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Archive for the 'Kathryn Tucker Windham' Category

Kathryn Tucker Windham Receives Alabama Living Legacy Award

Thursday, June 4th, 2009 by Lyle

The State Arts Council recently honored Kathryn Tucker Windham and seven other artists for their influence on the arts and culture of Alabama. In the elegant concert hall of the Montgomery Performing Arts Centre, Mrs. Windham accepted the “Alabama Living Legacy Award” for her long career in journalism, fiction writing, and storytelling. Mrs. Windham’s contributions give shape to the modern Southern identity, from her fight for acceptance as a female journalist to her active support of Selma in the 1950s to today, to her storytelling and preservation of Southern lore.

To honor Mrs. Windham, the State Arts Council arranged for her close friend, folk artist Charlie Lucas, speak about his experiences with her as his neighbor. The soft guitar pickings of Bobby Horton were a good backdrop for Mr. Lucas’s warm, funny tribute. Both Lucas and Horton expressed the love and reverence all Alabamians feel for Ms. Windham and her stories.

This year, NewSouth published Mrs. Windham’s newest book, the memoir Spit, Scarey Ann and Sweat Bees: One Thing Leads to Another. The book offers glimpses of Mrs. Windham’s early years growing up with her mother and storytelling father, as well as a mischievous older brother. As readers, we see for the first time how this quintessential Southern storyteller came to be the woman we know today as Kathryn Tucker Windham.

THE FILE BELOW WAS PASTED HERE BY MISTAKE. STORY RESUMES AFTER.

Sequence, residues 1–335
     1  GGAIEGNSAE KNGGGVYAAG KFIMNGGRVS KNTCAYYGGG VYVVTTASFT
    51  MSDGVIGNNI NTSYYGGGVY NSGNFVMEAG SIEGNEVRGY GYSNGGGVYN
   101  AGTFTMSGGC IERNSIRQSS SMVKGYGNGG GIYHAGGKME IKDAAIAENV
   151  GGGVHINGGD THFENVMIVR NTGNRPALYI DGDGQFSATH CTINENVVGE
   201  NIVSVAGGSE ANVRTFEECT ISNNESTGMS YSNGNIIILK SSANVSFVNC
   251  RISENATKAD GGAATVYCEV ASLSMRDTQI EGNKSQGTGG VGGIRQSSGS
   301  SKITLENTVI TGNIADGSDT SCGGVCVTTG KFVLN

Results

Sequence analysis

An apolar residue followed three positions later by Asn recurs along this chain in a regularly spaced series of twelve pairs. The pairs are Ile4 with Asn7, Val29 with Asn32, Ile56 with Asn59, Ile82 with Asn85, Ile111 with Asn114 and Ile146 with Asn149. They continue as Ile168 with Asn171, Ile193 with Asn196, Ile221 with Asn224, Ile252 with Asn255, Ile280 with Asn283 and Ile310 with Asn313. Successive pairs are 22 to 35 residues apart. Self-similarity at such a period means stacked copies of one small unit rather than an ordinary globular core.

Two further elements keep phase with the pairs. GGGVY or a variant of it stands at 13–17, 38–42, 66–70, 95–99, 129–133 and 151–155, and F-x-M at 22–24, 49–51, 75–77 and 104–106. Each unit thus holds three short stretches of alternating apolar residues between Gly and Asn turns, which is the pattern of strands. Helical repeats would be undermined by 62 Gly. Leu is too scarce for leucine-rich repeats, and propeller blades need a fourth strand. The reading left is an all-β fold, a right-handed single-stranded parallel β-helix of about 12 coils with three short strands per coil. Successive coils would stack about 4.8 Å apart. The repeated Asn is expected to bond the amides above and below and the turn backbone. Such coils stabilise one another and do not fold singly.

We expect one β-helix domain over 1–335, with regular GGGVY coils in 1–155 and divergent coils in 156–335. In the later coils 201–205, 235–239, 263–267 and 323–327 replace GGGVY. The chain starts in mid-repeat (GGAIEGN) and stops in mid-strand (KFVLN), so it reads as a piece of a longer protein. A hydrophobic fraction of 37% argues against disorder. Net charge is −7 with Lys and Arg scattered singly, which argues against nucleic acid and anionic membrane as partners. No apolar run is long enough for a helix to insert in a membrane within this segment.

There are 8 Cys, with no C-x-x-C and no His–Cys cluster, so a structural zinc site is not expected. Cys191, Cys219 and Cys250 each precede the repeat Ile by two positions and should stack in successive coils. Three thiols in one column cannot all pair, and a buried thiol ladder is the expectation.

Spit, Scarey Ann, and Sweat Bees is available directly from NewSouth Books, Amazon.com, or your favorite local or online book retailer.

Kathryn Tucker Windham Celebrates Ninetieth Birthday with Music, Laughter

Tuesday, June 3rd, 2008 by Josh

Happy Birthday, Ms. Windham! NewSouth joins the over two-hundred people who gathered last Sunday, June 1, at the Selma Public Library in wishing Kathryn Tucker Windham a happy ninetieth birthday. Guests at the library serenaded Alabama’s favorite storyteller with the sound of comb music, played with a comb and wax paper.

As Ms. Windham described, “I’m a great believer in laughter. That’s why I think these comb concerts work, because they make people laugh.”